While conducting a survey of metal-poor or very ancient stars, astronomers discovered one of the oldest planetary systems known so far. Astronomers hope to use this system to begin to understand how and when the first planets formed in our universe.
In late March, 2012, European astronomers announced that they had discovered a planetary system around a metal-poor star, that is, a star containing mainly hydrogen and helium, the two ingredients thought to have been present at the Big Bang. In other words, this star and its two Jupiter-sized planets appear to be survivors from the extremely early universe. The star is HIP 11952, and it’s not the only very ancient star known to have planets. But, at an estimated age of 12.8 billion years, this exoplanet system is one of the oldest systems known so far.
HIP 11952 is located in the direction of the constellation Cetus the Whale at a distance of about 375 light-years from Earth. Its planets – HIP 11952b and HIP 11952c – have orbital periods of 290 and 7 days, respectively.
We know these are not planets like our own Earth. Our sun is at least a second-generation star. How do we know? We know because the sun and Earth and everything around us on Earth, including our own bodies, contain chemical elements heavier (more complex) than hydrogen and helium. All chemical elements heavier than hydrogen and helium are thought to have formed inside stars, via the process of thermonuclear fusion that enables stars to shine. These elements or metals were released into space via supernova eruptions. It’s the “we are star stuff” idea that Carl Sagan popularized a few decades ago and that still resonates with so many. Sagan also said:
We are a way for the cosmos to know itself.
In the video above, Sagan is talking about the universe we know best: our Earth, our own solar system, other second- or third-generations stars that lie relatively near us in space. The HIP 11952 system is not like these familiar stars and planets. Instead, the system is a relic from a much earlier era of the cosmos.
And so astronomers want to use these planets and their star HIP 11952 to begin to understand that early time in the universe, say, 13 billion years ago. For example, we believe we know how planets like our Earth form. We believe they form from vast rotating clouds of gas and dust swirling around a star. Presumably the first planets formed in much the same way, but no one can be sure. Also, when did the first planets form? The planetary system HIP 11952 might help lead astronomers along the path of finding answers to these questions.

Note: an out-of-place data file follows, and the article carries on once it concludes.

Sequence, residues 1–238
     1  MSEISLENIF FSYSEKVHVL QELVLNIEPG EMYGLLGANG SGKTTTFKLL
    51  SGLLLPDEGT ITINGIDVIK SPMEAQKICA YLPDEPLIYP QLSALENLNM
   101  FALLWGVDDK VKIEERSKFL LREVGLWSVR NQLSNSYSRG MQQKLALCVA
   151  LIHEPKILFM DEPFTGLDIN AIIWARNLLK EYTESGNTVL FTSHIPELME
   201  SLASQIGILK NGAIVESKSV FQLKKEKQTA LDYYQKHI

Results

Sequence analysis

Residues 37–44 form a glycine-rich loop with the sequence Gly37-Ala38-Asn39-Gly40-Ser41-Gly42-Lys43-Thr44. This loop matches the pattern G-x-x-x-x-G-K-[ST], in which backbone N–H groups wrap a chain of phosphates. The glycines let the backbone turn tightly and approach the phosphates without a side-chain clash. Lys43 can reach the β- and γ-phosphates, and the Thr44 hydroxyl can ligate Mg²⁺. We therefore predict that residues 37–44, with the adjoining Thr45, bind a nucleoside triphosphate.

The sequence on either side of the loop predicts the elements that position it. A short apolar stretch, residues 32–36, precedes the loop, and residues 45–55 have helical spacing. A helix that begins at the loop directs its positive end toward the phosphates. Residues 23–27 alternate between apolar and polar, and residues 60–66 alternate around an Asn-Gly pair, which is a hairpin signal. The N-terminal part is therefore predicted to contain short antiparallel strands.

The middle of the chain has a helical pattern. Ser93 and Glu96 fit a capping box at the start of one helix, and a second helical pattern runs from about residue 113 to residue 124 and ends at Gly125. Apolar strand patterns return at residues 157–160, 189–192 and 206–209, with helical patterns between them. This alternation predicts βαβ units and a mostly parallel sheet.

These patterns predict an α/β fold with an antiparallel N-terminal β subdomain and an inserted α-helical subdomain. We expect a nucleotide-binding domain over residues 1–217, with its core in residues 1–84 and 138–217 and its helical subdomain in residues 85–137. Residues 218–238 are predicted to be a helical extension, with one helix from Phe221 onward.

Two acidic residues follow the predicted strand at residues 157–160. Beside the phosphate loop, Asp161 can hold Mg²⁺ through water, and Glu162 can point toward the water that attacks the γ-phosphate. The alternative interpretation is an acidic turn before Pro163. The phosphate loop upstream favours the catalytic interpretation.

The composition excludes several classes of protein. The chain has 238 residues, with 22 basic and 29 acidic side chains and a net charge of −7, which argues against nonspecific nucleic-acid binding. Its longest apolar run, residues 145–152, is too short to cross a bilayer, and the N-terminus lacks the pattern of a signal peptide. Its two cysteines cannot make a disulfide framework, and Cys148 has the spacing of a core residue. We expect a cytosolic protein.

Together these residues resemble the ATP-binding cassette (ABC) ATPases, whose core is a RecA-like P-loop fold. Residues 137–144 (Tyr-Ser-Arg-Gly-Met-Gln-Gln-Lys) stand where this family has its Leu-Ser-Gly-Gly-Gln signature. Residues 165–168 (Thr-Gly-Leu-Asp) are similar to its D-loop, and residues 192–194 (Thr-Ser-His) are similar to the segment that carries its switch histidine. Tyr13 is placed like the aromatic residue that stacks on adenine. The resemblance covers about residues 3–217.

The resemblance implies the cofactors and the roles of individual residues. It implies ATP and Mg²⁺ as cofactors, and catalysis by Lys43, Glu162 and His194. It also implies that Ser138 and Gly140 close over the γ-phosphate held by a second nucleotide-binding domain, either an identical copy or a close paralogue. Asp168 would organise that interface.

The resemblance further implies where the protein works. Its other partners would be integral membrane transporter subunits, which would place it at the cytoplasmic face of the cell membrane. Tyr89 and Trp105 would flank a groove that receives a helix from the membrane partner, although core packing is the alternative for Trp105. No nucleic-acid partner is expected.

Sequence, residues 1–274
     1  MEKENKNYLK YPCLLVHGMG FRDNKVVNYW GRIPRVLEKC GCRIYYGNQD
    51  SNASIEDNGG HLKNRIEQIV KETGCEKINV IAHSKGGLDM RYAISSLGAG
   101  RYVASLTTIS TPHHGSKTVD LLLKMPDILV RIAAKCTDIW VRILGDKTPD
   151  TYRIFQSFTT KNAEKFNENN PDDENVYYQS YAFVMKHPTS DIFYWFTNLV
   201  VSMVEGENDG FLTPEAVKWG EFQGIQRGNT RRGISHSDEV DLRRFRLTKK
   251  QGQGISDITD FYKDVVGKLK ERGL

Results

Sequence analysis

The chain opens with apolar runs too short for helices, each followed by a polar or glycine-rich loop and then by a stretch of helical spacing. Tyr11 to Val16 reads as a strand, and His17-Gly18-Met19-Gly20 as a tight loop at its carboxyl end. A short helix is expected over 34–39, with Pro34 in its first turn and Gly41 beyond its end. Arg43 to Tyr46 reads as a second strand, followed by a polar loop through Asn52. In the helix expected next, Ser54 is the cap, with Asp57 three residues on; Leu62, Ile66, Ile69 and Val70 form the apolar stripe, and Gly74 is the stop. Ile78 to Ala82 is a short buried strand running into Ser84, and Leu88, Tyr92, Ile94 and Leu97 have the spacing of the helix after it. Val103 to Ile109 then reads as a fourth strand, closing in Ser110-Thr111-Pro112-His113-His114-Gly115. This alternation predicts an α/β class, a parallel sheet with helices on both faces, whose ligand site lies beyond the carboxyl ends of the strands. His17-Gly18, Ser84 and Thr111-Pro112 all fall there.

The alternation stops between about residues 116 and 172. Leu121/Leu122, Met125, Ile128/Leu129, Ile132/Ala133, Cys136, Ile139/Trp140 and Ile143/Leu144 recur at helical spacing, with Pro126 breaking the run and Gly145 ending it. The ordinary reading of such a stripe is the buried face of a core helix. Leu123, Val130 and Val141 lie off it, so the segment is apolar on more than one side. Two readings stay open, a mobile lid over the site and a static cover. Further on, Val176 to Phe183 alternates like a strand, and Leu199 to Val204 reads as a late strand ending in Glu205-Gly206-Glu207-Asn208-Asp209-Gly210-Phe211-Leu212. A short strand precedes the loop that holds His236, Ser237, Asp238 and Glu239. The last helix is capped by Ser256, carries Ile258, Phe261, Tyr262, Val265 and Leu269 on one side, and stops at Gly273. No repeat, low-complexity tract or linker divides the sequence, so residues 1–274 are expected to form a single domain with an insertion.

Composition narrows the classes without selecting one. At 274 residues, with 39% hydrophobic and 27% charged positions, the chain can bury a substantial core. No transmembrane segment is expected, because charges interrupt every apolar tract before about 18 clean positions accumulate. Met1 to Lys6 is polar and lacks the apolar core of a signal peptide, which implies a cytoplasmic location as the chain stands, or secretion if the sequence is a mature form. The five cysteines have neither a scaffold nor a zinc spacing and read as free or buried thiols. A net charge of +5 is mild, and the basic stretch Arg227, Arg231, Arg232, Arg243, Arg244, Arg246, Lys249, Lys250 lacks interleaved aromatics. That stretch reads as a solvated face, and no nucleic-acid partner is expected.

These astronomers found the planets around HIP 11952 while conducting a survey targeting especially metal-poor stars. They say planets around such a star should be extremely rare. Veronica Roccatagliata of University Observatory Munich was principal investigator of the planet survey. She said in a press release:
In 2010 we found the first example of such a metal-poor system, HIP 13044. Back then, we thought it might be a unique case; now, it seems as if there might be more planets around metal-poor stars than expected.
Anna Pasquali from the Center for Astronomy at Heidelberg University, a co-author of the paper, added:
We would like to discover and study more planetary systems of this kind. That would allow us to refine our theories of planet formation. The discovery of the planets of HIP 11952 shows that planets have been forming throughout the life of our universe.
Bottom line: While conducting a survey of metal-poor or very ancient stars, European astronomers discovered one of the oldest planetary systems known so far. HIP 11952 is now known to have two Jupiter-sized planets. The system is thought to be some 12.8 billion years old. Astronomers hope to use this system to begin to understand how and when the first planets formed in our universe.
Deborah Byrd created the EarthSky radio series in 1991 and founded EarthSky.org in 1994. Today, she serves as Editor-in-Chief of this website. She has won a galaxy of awards from the broadcasting and science communities, including having an asteroid named 3505 Byrd in her honor. A science communicator and educator since 1976, Byrd believes in science as a force for good in the world and a vital tool for the 21st century. "Being an EarthSky editor is like hosting a big global party for cool nature-lovers," she says.